"We've heard very few complaints from motorists during construction. We began communicating about the I-490 closure six months in advance, did several television and radio interviews, placed hangers on residents' doors and placed billboards in the area to make sure everyone was aware of the closure and detour routes."
According to ODOT project engineer Mark Gabele, the work is progressing well.
"Much of the required utility relocations have been completed, all the required building demolitions are completed and work is under way throughout the OC Boulevard footprint. The project is currently working on several bridges simultaneously, E. 55th Street, E. 59th Street, Greater Cleveland Regional Transit Authority Blue/Green rail lines and Norfolk Southern railroad."
The biggest challenges on Section 3 work include significant excavation and embankment, which are weather-sensitive operations. Also, extensive utility relocations involve coordination with many different owners. Crews working over and under active railways, including GCRTA and Norfolk Southern, requires a great deal of planning and coordination, as well.
COVID-19 also has had an impact on the work. Material deliveries have been delayed and utility companies have reduced staff to complete their required work. In addition, remediating the environmental contamination from the properties that were acquired for the project has been a lengthy and expensive process. Designing and installing new infrastructure around the sometimes century-old infrastructure also has been challenging. The work includes water mains, power conduits, gas lines, communication networks, abandoned gas wells and previously demolished residential and commercial structures.
Currently, Section 3 work is taking place at the intersections of E. 75th Street, Buckeye Road, E. 79th Street, and Woodland Avenue, as well as construction of the boulevard between these intersections. The pedestrian bridges at E. 59th Street and E. 89th Street are under construction, along with sewer and embankment work at the site of the new bridges over Kingsbury Run. Crews continue to make progress at the E. 55th Street bridge and the bridge over the Greater Cleveland Regional Transit Authority (GCRTA) Blue and Green lines.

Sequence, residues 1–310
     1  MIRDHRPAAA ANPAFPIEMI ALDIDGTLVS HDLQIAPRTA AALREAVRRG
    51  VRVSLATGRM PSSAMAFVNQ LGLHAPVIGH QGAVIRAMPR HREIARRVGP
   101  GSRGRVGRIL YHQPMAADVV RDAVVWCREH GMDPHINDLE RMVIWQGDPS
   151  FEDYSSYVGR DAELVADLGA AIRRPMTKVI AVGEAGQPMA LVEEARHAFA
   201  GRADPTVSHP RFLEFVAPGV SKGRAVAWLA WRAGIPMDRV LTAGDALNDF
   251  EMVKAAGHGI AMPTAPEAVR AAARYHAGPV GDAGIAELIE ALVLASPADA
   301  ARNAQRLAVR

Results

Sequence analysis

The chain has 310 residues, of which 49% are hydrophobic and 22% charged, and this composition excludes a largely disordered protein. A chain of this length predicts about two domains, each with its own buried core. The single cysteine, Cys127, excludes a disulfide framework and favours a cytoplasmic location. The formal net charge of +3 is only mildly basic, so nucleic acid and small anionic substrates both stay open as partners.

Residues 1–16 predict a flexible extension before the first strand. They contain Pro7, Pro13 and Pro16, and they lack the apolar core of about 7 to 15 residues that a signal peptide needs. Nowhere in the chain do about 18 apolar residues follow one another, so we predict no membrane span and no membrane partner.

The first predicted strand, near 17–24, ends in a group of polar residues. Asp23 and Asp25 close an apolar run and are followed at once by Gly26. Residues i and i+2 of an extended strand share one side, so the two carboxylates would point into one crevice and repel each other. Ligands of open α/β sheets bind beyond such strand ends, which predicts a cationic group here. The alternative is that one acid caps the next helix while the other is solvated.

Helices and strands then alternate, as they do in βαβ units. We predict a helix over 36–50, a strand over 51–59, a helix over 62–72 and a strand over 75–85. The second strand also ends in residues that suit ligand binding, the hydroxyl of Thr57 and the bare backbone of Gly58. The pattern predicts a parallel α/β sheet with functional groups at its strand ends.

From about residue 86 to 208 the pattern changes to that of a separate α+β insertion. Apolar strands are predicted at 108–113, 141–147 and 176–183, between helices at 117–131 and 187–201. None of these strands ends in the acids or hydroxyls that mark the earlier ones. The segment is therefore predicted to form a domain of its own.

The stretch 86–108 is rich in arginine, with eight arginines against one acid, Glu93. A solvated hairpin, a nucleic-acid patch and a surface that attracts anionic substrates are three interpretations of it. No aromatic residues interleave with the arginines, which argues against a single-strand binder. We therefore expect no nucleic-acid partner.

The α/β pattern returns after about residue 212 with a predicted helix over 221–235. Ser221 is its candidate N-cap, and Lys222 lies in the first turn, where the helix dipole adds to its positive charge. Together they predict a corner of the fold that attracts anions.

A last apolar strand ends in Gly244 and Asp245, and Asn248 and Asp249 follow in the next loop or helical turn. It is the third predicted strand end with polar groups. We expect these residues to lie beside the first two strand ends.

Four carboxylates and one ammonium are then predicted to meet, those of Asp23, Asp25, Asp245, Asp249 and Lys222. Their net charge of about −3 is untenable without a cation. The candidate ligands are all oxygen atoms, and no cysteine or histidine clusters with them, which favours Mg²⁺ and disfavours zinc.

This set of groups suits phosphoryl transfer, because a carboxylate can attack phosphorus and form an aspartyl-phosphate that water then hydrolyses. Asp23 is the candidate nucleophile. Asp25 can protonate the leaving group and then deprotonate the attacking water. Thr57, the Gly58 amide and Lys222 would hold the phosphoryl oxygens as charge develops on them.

Most of the required residential demolition for the footprint of Section 3 was completed under the contract for Section 2. The demo work that was completed under Section 3 was primarily commercial structures. Prior to the demolition process, an environmental study was conducted to identify any remediation/removal that was required prior to the demo. Once this remediation was completed, the teardown commenced.
Regarding Section 3 bridge work, there are two vehicular bridges that will be constructed over the corridor: East 55th Street and Norfolk Southern Railroad track bridge. Three bridges will be constructed on the new corridor — two over the Greater Cleveland Regional Transit Authority (GCRTA) Blue and Green lines and one over Kingsbury Run. There are two pedestrian bridges that will be built, including East 59th Street and East 89th Street.